Historically, cool mist administration was the mainstay of treatment for croup. Hospitals had "croup rooms" filled with cool mist. Theoretically, mist moistens airway secretions, decreases their viscosity, and soothes the inflamed mucosa. Animal data show that microaerosol inhalation activates mechanoreceptors that produce a reflex slowing of respiratory flow rate and leads to improved airflow.

However, despite its continued widespread use, further evidence does not strongly support the clinical efficacy of cool mist or humidification therapy. Randomized studies of children with moderate-to-severe croup revealed no difference in outcome between those who received cool mist and those who did not.[24] However, cool mist tents are still used in the inpatient hospital setting. Besides having the potential to disperse fungus and molds if not properly cleaned, the tents separate child from parent by creating a “plastic barrier;" thus causing anxiety and agitation with potential to worsen the child’s symptoms and hinder required ongoing clinical assessment.[25, 26] In the home, cool mist humidifiers can be used; however vaporizers (heated humidification) producing hot steam to moisten the air should not be used to avoid the risk of scalding or burns.


Corticosteroids are beneficial due to their anti-inflammatory action. Their use decreases both laryngeal mucosal edema and the need for salvage nebulized epinephrine. Corticosteroids may be warranted even for those children who present with mild symptoms. Treatment of croup with corticosteroids has not shown significant adverse effects; however despite the low risk, their use should be carefully evaluated for children with diabetes, an underlying immunocompromised state, or those recently exposed to or diagnosed with varicella or tuberculosis, due to the potential risk of exacerbating the co-current disease process.[27, 28, 29, 30, 31, 32] An updated 2018 Cochrane Review reported that glucocorticoids (ie, prednisone, dexamethasone) reduced symptoms of croup at 2 hours, shortened hospital stays, and reduced the rate of return visits for patient care. This conclusive report has changed, as the previous version of Cochrane Review reported that glucocorticoids reduced symptoms of croup within 6 hours post administration.[33]

A single dose of dexamethasone has been shown to be effective in reducing the overall severity of croup, if administered within the first 4-24 hours after the onset of illness. The long half-life of dexamethasone (36-54 h) often allows for a single injection or dose to cover the usual symptom duration of croup. Studies have shown that dexamethasone dosed at 0.15 mg/kg is as effective as 0.3 mg/kg or 0.6 mg/kg (with a maximum daily dose of 10 mg) in relieving the symptoms of mild-to-moderate croup. Despite this knowledge, clinicians still tend to favor the dose of 0.6 mg/kg for initial treatment of croup. This dosage, in fact, is more effective for patients diagnosed with severe croup and remains the optimal amount for safety, benefit and cost-effectiveness.[34, 33]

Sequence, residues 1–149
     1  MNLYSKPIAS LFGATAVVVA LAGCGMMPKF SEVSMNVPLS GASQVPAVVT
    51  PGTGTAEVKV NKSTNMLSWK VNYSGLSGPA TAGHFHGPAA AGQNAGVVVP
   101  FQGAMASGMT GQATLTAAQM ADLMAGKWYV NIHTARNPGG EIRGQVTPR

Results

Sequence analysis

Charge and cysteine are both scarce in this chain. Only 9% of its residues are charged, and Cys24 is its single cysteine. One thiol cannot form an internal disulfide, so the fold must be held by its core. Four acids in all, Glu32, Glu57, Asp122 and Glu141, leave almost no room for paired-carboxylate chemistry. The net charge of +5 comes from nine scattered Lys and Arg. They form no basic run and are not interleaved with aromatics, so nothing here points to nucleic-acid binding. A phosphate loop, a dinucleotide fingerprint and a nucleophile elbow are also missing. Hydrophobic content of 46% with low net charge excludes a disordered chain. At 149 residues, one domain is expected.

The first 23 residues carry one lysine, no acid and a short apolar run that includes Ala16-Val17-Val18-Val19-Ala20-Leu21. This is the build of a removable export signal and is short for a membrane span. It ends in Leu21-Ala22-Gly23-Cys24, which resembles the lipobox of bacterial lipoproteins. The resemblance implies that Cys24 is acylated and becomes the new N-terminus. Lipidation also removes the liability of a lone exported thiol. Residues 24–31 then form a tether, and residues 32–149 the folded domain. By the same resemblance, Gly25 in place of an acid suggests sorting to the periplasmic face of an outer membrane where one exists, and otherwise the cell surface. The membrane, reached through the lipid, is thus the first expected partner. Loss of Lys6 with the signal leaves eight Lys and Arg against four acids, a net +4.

Dexamethasone has shown the same efficacy if administered intravenously (IV), intramuscularly (IM), or orally (PO).[35] The route of administration is patient-dependent as based on the patient’s age, ability to tolerate orals, and severity of presenting illness. The use of inhaled corticosteroids (budesonide) with systemic treatment has not shown additional benefit.[36]

Patients given a single oral dose of prednisolone (1 mg/kg) were found to have made more return visits, than those patients who received a single oral dose of dexamethasone (0.15 mg/kg).[37] This is due to the lesser potency to reduce inflammation and shortened half-life of prednisolone (18-36 h), when compared with dexamethasone (36-54 h).


Nebulized racemic epinephrine is a 1:1 mixture of dextro (D) isomers and levo (L) isomers of epinephrine with the L form (L-epinephrine) as the active component. Its use is typically reserved for patients in the hospital setting with moderate-to-severe respiratory distress. Epinephrine works by adrenergic stimulation, which causes constriction of the precapillary arterioles, thereby decreasing capillary hydrostatic pressure. This leads to fluid resorption from the interstitium and improvement in the laryngeal mucosal edema.[23] Epinephrine’s beta2-adrenergic activity leads to bronchial smooth muscle relaxation and bronchodilation. Its effectiveness is immediate with evidence of therapeutic benefit within the first 30 minutes and then, has a lasting effect from 90-120 minutes (1.5-2 h).

Patients who receive nebulized racemic epinephrine in the emergency department should be observed for at least 3 hours post last treatment because of concerns for a return of bronchospasm, worsening respiratory distress, and/or persistent tachycardia. Patients can be discharged home only if they demonstrate clinical stability with good air entry, baseline consciousness, no stridor at rest and have received a dose of corticosteroids.